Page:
The long-lingering warmth of summer seems to have inspired especially beautiful leaves this season and I've found myself slowly ambling down the backroads around the bakery to soak in the blazing canopies of foliage.
Leafer madness is in the air. Also in the air in high concentrations: the sweet, earthy squashiness of pumpkin.
I chose to capture the star flavor of the season by tinkering up pumpkin butterscotch ginger blondies: tender treats that highlight the true flavor of pumpkin, while still enthusiastically embracing a curated selection its range of aromatic pairings.
Shown are the steps to make pumpkin butterscotch ginger blondies, tender treats that highlight the true flavor of pumpkin. It is a quick and easy recipe that is perfect for fancy afternoon tea, school lunches or to simply bring to the office. Ginger is an excellent harmonizer. In this recipe, ground ginger lends background warmth and chewy bits of crystallized root, which offers textural variety and extra fire. These blondies ooze delicious caramel pumpkin goodness sure to accentuate the power of pumpkin.
Some of my friends celebrated the return of pumpkin lattes like it was the New Year, and Aaron and I had certainly looked forward to pumpkin scones, but pumpkin has fast found combinations everywhere across the spectrum.
I think when most people discuss their passion for pumpkin, they may actually most love its stable of supporting characters, spices like cinnamon, ginger, nutmeg and cloves. Pumpkin itself is relatively mild, sweet and unassertive, most would find it quite palatable without the heavy makeup many cooks apply, and it works both sweet and savory.
Heaping helpings of sugar and spice always help, though, and I wanted something that traveled well.
|Who we are|
|Since we first met in 2005, Aaron Peterson and I have enjoyed cooking, entertaining and sharing recipes together.|
|Inspired and edified by family history, cookbook collections and our travels (and the meals we’ve eaten on them), our blog, GourmetGents, launched in October 2011 as an extension of our love for all things epicurean.|
|Through semi-weekly updates, we feature family recipes, unfamiliar ingredients, baking experiments, cooking tips and lots of food photography, all with the occasional snarky aside.|
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Brownies and their blonde descendants were invented specifically as a cake-like treat to be packed in box lunches at the Parker House Hotel for the 1893 World's Fair.
The relatively dense and sturdy blocks can be tucked into bags and lunch pails as easily as they can be arranged and plated.
The original chocolate brownie, still served at the Palmer House Hilton today, was topped with an apricot-walnut glaze, but evolution has continued extensively from there, including the sans chocolate, brown sugar variant: the blondie. Butterscotch is at its most basic just butter and brown sugar, so rich, caramel-fudge blondies are naturally reminiscent of butterscotch to begin with.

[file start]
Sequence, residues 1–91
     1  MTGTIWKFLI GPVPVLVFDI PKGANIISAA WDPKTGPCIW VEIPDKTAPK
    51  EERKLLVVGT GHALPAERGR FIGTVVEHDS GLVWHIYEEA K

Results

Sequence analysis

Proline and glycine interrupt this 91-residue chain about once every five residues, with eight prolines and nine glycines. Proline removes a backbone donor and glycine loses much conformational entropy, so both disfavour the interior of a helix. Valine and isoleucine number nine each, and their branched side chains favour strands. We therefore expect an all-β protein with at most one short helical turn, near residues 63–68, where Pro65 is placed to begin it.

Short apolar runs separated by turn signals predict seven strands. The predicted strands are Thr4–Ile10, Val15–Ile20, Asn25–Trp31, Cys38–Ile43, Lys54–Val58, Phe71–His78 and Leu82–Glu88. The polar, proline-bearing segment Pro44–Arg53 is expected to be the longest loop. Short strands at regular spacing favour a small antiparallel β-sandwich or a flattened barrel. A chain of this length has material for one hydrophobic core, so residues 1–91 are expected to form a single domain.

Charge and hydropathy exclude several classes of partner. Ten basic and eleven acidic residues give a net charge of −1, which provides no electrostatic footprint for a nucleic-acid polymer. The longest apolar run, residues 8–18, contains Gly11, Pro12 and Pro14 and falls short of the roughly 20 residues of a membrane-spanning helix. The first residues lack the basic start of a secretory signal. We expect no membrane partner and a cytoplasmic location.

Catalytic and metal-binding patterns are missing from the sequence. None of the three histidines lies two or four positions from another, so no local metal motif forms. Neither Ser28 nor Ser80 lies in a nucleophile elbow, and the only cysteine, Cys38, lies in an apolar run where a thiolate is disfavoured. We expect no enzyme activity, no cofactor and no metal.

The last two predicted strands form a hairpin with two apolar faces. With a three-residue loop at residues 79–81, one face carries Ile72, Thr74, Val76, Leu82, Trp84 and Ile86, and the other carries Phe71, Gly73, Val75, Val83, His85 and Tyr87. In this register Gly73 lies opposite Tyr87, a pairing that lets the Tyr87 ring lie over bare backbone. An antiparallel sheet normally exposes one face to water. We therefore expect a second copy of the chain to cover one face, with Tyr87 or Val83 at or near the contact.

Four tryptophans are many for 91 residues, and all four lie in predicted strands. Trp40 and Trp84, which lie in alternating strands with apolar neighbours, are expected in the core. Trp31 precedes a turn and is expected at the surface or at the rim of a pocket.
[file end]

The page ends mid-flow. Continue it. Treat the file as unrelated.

This is enhanced with the inclusion of white chocolate and butterscotch chips, extra sweet creaminess to melt upon the palate.
I pared down the number of spices, seeking to find purity of flavor, and settled on ginger as the highlight.
Ginger is an excellent harmonizer, it works equally well in the cool clarity of lemonades and ices as it does in warming blends of butter and cinnamon. Ginger does double-duty in this recipe; ground ginger lends background warmth and chewy bits of crystallized root offer textural variety and extra fire.
As a dense, water-retaining gourd, pumpkin inevitably adds extra moisture to a recipe, so these blondies ooze delicious caramel pumpkin goodness beneath the slight crackle of their paper-thin crust.
A quick and easy recipe, these are perfect seasonal sweets to serve for fancy afternoon tea, pack into school lunches or bring in trays to the office (where they'll pair equally well with coffee).
The power of pumpkin offers a sweet sendoff before a season dominated by cold-hardy greens and root vegetables, so be sure to enjoy it while you can.
Adapted from Brown Eyed Baker
Crystallized ginger usually comes in roughly coin-sized slices of the root or fairly hefty cubes, be sure to mince these down finely before mixing in to avoid massive ginger chunks that can prove too spicy for some to handle.
To make it extra easy to cut perfect squares, chill in the refrigerator a few hours, then cut with a hot knife, dipping it into a glass of hot water and wiping with a towel between slices.
2 1/2 cups whole wheat flour
2 teaspoons ground cinnamon
1 teaspoon ground ginger
1/2 teaspoon salt
1 cup (2 sticks) butter, melted and cooled slightly
1 1/2 cups turbinado sugar
1 tablespoon vanilla extract
1 (15-ounce) can pure pumpkin puree (about 2 cups)
1 cup butterscotch chips
1 cup white chocolate chips
1 cup crystallized ginger, minced
Preheat oven to 350 F. Butter a 9 by 13-inch baking dish and line with a strip of parchment paper, with some overhanging the sides, set aside.
Whisk together the flour, salt, cinnamon and ground ginger in a medium bowl, set aside.
Blend the sugar and butter in a large bowl, then whisk in the egg and vanilla. Add the pumpkin and again whisk until smooth.
Fold the dry mix into the pumpkin until evenly combined. Fold in the butterscotch chips, white chocolate chips and minced crystallized ginger root.
Pour the batter into the prepared pan and smooth into an even layer, then bake 35 to 40 minutes. Set the pan on a wire rack to cool completely, then gently lift out with the parchment handles and cut into squares.
Serve warm with vanilla ice cream if you're feeling extravagant.